I have devoted my scholarly career to examining the unlikely fortunes of religious ideas (such as "forgiveness" and "mission") in post-Enlightenment contexts, especially in the British Romantic Period; to recovering forgotten works by women writers, especially travel writers and missionaries; and to establishing the legitimacy of travel literature as a subject of academic study. I authored Blake, Ethics, and Forgiveness (1994); edited Mary Shelley's travel writing for the standard scholarly edition of her work, The Novels and Selected Works of Mary Shelley (1996); and co-edited, with Shannon R. Wooden, a collection of essays, Teaching British Women Writers, 1750-1900 (2005). My current book-in-progress, "Women Missionaries: A Literary History," has received funding from a Lilly Foundation Grant, a year-long Fellowhship from the National Endowment for the Humanities, and, in Spring 2009, from the Carolina Women's Center. For a list of my articles, click here.
I edit the Keats-Shelley Journal, an annual founded in 1952 and the journal of record for second-generation British Romantic writers. The 2006 Keats-Shelley Journal was a special issue on Regency Women Writers; the 2007 issue devoted a cluster of essays to Romantic Travel and Tourism, and we plan a cluster on History of Reading in the Regency for the 2008 issue. For more information about submitting to the Keats-Shelley Journal, or about joining the Keats-Shelley Association of America, or about participating in the Association's Mentoring Program, please go the Keats-Shelley Association website.
The first two titles in a book series I edit, "Writing Travel," were published by Parlor Press in May 2006. They are "Vienna Voices" by Jill Knight Weinberger and "Eating Europe" by Jon Volkmer. The series is devoted to original travel writing, criticism or biographies of important travel writers, and editions or translations of hard-to-get travel texts. My other travel-literature activities include my work as Founding President of the International Society for Travel Writing from 2001 to 2005 and the founding of the MLA Discussion Group on Travel Literature.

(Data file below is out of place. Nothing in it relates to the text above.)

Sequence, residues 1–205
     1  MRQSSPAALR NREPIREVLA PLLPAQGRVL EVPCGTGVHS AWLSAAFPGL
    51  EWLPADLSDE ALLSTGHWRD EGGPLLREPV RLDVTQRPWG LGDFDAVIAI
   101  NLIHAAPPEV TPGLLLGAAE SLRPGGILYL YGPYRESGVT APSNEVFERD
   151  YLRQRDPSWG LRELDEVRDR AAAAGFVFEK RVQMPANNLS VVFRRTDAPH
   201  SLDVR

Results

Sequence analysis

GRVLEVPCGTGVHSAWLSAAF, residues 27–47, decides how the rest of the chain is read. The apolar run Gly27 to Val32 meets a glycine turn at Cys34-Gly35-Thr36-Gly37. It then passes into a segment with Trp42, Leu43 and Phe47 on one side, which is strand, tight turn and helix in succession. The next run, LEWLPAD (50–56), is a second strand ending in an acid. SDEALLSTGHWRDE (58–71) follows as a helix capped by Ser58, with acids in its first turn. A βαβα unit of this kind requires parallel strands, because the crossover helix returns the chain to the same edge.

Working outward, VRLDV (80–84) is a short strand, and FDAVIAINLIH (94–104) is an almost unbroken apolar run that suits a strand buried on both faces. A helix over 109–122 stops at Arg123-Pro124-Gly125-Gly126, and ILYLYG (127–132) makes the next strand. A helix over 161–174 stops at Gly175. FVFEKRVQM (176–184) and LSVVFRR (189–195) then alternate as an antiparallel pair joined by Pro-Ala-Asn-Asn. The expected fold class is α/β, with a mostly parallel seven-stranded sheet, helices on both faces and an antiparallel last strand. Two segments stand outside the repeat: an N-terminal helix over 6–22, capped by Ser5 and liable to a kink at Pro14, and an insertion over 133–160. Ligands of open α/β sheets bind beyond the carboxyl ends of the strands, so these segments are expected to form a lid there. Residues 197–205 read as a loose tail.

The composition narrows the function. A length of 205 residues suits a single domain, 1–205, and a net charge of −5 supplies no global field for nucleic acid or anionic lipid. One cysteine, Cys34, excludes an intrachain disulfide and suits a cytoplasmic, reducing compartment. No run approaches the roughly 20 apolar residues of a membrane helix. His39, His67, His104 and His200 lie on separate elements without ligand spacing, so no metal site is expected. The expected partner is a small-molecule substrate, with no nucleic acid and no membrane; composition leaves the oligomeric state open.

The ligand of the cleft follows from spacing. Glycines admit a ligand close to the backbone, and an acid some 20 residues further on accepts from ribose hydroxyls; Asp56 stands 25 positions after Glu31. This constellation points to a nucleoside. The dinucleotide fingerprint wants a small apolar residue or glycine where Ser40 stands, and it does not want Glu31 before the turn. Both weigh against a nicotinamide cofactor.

The Carolina Women's Center has named me its Faculty Scholar for Spring 2009. During my fellowship, I will be working on a book-in-progress, "Women Missionaries: A Literary History," which recovers for scholarly attention about 40 women authors who participated in the Protestant missionary movement and shows the role of genre in representing interfaith relations. Missionary Kate Marsden, pictured, is one of the authors discussed, as is Minnie Vautrin, the subject of the film, *Nanking,* scheduled for wide release in December 2007. (Photo courtesy of UNC-CH Health Sciences Library)
Students working with me have written on a variety of topics in travel literature and Romantic-period studies, including: British travelers-for-health and Continental spas; Gothic novelists and controversies in obstetrics; Keats in the context of contemporary physician-poets; women writers and controversies about biblical authority; and "sympathy" as a pre-Marxist register for social class. For my work with graduate students, including three years as Director of Ph.D. Placement, I have twice received the AGES Mentoring Award (2001, 2003).
Hire Date: 1984
Ph. D., University of Washington
M.A., University of Washington
B.A., Santa Clara University
"On the Amazon." Frontispiece to Three Vassar Girls in South America by Lizzie W. Champney. Boston, 1885. From the copy in the Rare Book Collection, The University of North Carolina at Chapel Hill.